Without pennies, there is a way to even out rounding without losing a couple cents on every transaction.  First of all, the loss of the penny will only relate to cash transactions.  Debit cards, credit cards, checks, and direct deposits can all still utilize the cent.  Next, I believe if cash transactions are rounded up and down, it’ll even out for everyone, the retailer and the consumer included.  No cents will be lost.  For cash transactions ending in 1 or 2, the total price will round down and for transactions ending in 3 or 4, then the total price will round up.

Although there are many opinions about whether or not the penny should be removed from circulation, I think most would agree that losing millions of dollars per year should not be an option.  What does the penny mean to you?  The next time you see a penny on the ground, are you going to pick it up or keep on walking?


  1. The penny is so worthless, the time taken to pick one up is less than minimum wage, we had a half cent with a purchasing power of over today's dime
    and still it was eliminated. As for rounding, it may or may not influence prices, retailers could and would round up, but may be dissuaded from rounding again, it is true that eliminating the penny would help the store's bottom line but not enable customers to check out or employees to stock shelves as remained.

    However, the other costs such as time and cash registers and the such can result in savings.
    Its interesting the penny, its a currency that is so worthless but has a tiny worth that its thrown on the floor, the problem with eliminating the penny occurred is that we waited too long! , gradual elimination of it would enable us to also eliminate the nickel,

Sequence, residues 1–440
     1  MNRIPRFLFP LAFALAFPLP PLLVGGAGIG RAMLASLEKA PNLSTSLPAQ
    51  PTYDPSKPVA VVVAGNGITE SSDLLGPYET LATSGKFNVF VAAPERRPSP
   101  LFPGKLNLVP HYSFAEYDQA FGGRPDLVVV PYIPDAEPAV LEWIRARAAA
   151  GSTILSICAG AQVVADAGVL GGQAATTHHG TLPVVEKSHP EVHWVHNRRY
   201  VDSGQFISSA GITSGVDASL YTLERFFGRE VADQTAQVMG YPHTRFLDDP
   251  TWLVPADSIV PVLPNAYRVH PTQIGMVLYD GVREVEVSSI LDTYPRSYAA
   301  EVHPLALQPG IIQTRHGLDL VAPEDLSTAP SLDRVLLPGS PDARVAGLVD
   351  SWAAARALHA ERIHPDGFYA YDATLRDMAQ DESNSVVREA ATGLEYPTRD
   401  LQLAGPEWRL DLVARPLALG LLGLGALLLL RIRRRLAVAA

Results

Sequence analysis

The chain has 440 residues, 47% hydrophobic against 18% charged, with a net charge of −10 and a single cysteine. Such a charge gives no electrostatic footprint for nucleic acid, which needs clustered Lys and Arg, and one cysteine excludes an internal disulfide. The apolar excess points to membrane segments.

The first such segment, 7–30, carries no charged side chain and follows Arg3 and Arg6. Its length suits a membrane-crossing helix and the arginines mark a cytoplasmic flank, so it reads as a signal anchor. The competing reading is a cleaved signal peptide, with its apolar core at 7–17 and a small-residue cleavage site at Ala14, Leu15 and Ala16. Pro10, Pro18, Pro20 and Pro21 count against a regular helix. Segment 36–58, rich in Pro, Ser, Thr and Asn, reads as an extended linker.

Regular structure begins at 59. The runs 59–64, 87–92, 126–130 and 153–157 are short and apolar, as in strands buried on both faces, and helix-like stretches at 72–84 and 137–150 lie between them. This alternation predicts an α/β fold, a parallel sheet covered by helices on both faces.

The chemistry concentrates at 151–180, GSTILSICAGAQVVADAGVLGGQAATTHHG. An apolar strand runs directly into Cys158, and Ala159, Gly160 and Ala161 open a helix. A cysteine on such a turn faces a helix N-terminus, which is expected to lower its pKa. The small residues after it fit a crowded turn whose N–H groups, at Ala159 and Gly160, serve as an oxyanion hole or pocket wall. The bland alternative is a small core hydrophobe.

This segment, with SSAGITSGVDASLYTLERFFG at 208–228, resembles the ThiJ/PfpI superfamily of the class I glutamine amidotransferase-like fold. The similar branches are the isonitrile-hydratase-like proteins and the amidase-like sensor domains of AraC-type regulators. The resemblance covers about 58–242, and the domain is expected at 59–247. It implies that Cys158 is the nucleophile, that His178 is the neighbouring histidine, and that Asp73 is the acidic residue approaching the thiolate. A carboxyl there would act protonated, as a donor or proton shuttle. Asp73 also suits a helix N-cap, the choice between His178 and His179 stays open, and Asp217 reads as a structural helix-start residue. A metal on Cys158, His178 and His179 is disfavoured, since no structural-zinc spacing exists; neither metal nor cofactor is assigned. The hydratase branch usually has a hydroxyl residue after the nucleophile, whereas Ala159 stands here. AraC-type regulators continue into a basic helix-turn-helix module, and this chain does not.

the problem however is the quarter, we cannot eliminate the nickel without the quarter and it makes no sense to eliminate a higher denomination but keep a dime and a 50 cent piece, interestingly dollar coins are the focus
    not this.

  2. I think this article is pretty good along the lines of grammar. There are good transitions, good points of view and use of outside resources. The only thing I noticed was "The U.S Mint" wasn't capitalized throughout the articles. The third paragraph has it as shown above.

  3. Good article. I like your title. It does a good job of getting attention. You picked a good topic that I don't think a lot of people even realized existed. I don't really see any errors as far as grammar except for not capitalizing U.S. Mint but that has already been pointed out.

  4. This is an awesome article. There is a lot of good information and you have a clever title. The paragraph structure and sentence composition looks good. It's a lot to think about whether or not the penny should be eliminated. I think the biggest thing that would take a hit would be the charities. How many times do you throw your pennies or any lose change for that matter into a donation tank?

  5. Really, really good article. Clever title, good leading paragraph, and you answered things in the order in which I as a reader asked them.

    Your closing was great as well, left me convinced of your point. IF you wanted to be persuasive there, you succeeded brilliantly.

    I would encourage that you break things up with subtitles, or try to consolidate a paragraph or two if it seems logical. As a reader, I can actually get lost in your article due to the number of paragraphs without anything distinguishing about them. Help us stay with you and if we stray, help us get back to where we left off quicker and easier.

  6. Way to get to the point. Interesting article and well organized. The only think you might want to add would be another point to go with your paragraph "on the contrary" to give readers another view point to thik about. Good job!